Ensuring the core Apache Hadoop platform moves forward is a critical area of focus. All of the work happening on Apache Hadoop 2.0, including YARN, is aimed at ensuring Hadoop can continue to scale to meet the largest data processing needs as well as efficiently run a mix of workloads that serve batch, interactive, and online application needs. We are also working with others on some interesting incubating technologies in the community aimed at improving the latency and throughput characteristics of Hadoop workloads, so stay tuned!
- Platform Services
Addressing business continuity needs such as high availability, data mirroring, replication, and snapshots are critical to the mainstream enterprise. We continue to invest aggressively in these areas across BOTH the stable Apache Hadoop 1.x line and the emerging Apache Hadoop 2.0 line. And we are also working with others on some interesting incubating technologies aimed at ensuring consistent and secure access to Hadoop services in order to address the security needs of enterprises that are critical to the enterprise, so we’ll have more to say there soon too!
- Data Services
Enabling Hadoop to exchange data from or to other systems is important as is improving the performance and simplifying data access for end users of the data. Apache HCatalog is an incubator project we sponsored in 2011 that is increasingly at the heart of solution architectures that require consistent table access to Hadoop data. Our focus has recently turned towards the need for “more SQL and better performance” for the large community of Apache Hive users. Over the coming weeks, I encourage you to take a look at the work happening in the Hive community to see how those needs are being addressed. Exciting work!
- Operational Services
We feel strongly that easy management and monitoring of Hadoop clusters should not be a commercial holdback: it is a core requirement of any Hadoop implementation and should be delivered in the open. Apache Ambari was established about a year ago to enable operators to manage Hadoop clusters with familiar and easy to use tools. Ambari is as much an operational fabric with complete REST APIs as it is a tool for managing Hadoop clusters. If you need to integrate Ambari with your own “pane of glass”, then you can do so. If you want a modern user interface to simplify Hadoop management, then Ambari has that as well.
Applying Enterprise Rigor to Open Source
Today, eight years into its development, there are numerous open source projects that augment core Hadoop to address these critical operational, data and platform requirements. Hortonworks Data Platform (HDP) packages up a dozen or so distinct open source projects into a single integrated distribution that provides the enterprise services businesses can rely on. Not only do Hortonworkers play key roles in the test and release process for each of those various projects, but we also take great pains to test and certify a consolidated distribution on large and complex clusters running across a range of operating platforms.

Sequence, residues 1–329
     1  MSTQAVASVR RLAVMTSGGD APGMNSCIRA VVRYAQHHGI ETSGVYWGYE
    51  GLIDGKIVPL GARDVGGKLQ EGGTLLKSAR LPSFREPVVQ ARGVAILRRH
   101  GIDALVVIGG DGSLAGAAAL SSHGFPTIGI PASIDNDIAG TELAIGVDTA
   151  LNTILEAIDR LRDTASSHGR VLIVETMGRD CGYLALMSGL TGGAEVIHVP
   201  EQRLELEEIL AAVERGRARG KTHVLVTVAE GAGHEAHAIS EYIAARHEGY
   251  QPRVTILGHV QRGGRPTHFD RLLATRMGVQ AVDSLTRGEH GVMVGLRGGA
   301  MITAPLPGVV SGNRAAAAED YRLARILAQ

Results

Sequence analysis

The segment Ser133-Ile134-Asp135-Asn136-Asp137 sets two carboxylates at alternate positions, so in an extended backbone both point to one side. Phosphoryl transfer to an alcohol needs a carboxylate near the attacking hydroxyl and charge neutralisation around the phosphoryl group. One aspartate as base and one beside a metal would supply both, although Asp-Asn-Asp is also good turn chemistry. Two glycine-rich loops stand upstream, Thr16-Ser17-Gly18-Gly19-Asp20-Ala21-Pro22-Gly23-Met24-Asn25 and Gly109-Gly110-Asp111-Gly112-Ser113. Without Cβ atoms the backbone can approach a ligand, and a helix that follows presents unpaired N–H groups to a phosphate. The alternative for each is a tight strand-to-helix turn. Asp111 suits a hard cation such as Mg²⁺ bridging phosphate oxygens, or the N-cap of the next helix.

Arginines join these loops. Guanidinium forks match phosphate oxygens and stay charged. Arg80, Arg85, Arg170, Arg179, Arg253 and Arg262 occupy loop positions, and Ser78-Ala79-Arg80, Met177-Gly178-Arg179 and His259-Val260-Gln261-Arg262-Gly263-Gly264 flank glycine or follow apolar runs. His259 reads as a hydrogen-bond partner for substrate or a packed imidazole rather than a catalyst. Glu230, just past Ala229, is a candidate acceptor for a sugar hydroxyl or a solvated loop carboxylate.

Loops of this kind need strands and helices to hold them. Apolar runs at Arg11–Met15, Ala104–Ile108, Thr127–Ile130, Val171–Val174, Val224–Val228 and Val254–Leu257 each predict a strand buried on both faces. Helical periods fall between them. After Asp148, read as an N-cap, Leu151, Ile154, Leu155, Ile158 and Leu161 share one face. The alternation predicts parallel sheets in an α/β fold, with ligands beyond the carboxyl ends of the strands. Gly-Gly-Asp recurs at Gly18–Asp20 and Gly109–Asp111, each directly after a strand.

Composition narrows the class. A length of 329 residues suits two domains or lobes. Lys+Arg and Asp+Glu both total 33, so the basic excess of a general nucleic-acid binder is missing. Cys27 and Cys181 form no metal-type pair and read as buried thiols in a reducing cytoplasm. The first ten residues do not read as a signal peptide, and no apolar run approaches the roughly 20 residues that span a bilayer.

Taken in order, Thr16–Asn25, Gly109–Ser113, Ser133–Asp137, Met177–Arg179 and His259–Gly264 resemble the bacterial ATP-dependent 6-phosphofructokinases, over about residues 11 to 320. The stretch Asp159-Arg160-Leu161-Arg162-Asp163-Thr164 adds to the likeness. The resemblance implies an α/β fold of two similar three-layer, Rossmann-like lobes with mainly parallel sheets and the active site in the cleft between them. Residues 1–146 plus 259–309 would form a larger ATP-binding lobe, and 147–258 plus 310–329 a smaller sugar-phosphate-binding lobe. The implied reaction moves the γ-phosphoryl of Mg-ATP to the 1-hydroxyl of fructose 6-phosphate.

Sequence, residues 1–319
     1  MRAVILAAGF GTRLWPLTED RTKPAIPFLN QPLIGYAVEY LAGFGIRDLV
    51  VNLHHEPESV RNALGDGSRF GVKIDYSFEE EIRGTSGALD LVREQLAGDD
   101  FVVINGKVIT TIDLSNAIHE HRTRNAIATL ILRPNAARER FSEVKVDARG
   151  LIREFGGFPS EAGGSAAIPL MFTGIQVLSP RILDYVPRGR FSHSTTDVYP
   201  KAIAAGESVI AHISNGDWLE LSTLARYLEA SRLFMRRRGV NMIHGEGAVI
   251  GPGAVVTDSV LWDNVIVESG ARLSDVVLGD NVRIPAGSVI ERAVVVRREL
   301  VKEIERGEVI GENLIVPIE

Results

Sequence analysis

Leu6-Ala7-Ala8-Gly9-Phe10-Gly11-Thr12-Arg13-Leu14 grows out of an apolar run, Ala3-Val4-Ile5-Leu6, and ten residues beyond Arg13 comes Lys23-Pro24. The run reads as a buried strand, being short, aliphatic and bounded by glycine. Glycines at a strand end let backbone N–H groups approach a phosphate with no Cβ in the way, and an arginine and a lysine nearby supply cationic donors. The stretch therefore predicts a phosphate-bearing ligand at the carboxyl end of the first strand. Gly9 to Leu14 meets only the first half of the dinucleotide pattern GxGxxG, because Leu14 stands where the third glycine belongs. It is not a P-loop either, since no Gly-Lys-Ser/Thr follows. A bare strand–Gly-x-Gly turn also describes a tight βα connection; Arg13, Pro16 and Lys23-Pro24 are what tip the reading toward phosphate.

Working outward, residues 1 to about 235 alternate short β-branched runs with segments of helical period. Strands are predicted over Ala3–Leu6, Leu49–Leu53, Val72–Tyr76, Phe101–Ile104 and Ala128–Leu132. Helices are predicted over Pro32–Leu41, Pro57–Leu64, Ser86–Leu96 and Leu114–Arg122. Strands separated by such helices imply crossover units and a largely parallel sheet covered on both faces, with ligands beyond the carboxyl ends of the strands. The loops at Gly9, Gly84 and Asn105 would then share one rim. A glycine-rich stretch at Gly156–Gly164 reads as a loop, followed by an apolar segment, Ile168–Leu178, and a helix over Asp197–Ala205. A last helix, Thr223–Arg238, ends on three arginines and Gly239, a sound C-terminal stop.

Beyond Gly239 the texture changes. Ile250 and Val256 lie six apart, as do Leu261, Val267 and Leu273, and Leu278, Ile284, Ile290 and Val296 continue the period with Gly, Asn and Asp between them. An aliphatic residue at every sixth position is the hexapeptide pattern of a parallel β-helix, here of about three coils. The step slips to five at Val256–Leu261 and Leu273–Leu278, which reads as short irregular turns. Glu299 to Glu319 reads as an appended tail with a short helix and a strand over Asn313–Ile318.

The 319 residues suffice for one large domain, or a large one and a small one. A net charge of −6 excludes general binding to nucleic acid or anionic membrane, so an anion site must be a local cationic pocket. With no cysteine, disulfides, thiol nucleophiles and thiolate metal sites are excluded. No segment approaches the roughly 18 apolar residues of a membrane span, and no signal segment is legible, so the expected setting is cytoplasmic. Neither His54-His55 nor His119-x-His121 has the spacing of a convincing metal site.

In fact, before we release any version of HDP, we first work with our colleagues at Yahoo! to test it at scale on their infrastructure – every time. This means that by the time HDP sees any customer environment it has been validated at Yahoo!, which has arguably the richest test suite for Hadoop on the planet. Case in point – with help from Yahoo, YARN has been significantly battle-tested – to the tune of nearly 14 million applications and 80,000 jobs per day per cluster.
Good for the ecosystem
Our mission when we started Hortonworks was to accelerate the adoption of Hadoop by providing a 100% open source, enterprise grade distribution in order to provide a truly open platform. The key reason partners such as Microsoft and Teradata choose Hortonworks as their strategic partner for Hadoop is this: our engineers are committed to working within the 100% open source Apache Software Foundation projects with no commercial holdbacks. This is really in contrast to other vendors who are taking a proprietary approach that can lead to closed interfaces and vendor lock-in.
And we ensure that the work we do with our partners makes it back into the community. For instance, our work on the Apache HCatalog project has been adopted and extended by Teradata with their SQL-H offering. And we have worked extensively with Microsoft to enable Hadoop to run on Windows, and contributed this work back to the broad community so that others can pick up and continue the work in ways that benefit everyone. Even better, it is really great to see partners like Microsoft contribute significantly to the open-source project to ensure Apache Hadoop is fully supported on key platforms like Microsoft Azure – another illustration of the rising tide that is the open-source model.
Good for Hortonworks
We are pretty passionate about the journey we are on. By staying true to our 100% open source philosophy and applying Enterprise software rigor to the test and release process, we believe that we can accelerate the adoption of Hadoop in the ecosystem.
We love what we are doing, are committed to the approach, and can’t wait to see what the next chapter brings.